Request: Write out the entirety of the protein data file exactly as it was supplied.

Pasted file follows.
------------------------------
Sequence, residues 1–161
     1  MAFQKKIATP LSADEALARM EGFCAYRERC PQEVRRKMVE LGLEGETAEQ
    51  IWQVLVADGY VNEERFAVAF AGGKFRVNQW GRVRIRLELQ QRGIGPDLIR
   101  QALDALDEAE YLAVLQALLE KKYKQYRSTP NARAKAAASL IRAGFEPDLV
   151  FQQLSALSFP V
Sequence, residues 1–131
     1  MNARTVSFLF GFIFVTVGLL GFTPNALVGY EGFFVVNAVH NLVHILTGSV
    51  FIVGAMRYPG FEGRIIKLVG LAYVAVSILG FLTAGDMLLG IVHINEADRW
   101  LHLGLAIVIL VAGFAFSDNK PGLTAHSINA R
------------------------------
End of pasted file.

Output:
Sequence, residues 1–161
     1  MAFQKKIATP LSADEALARM EGFCAYRERC PQEVRRKMVE LGLEGETAEQ
    51  IWQVLVADGY VNEERFAVAF AGGKFRVNQW GRVRIRLELQ QRGIGPDLIR
   101  QALDALDEAE YLAVLQALLE KKYKQYRSTP NARAKAAASL IRAGFEPDLV
   151  FQQLSALSFP V
Sequence, residues 1–131
     1  MNARTVSFLF GFIFVTVGLL GFTPNALVGY EGFFVVNAVH NLVHILTGSV
    51  FIVGAMRYPG FEGRIIKLVG LAYVAVSILG FLTAGDMLLG IVHINEADRW
   101  LHLGLAIVIL VAGFAFSDNK PGLTAHSINA R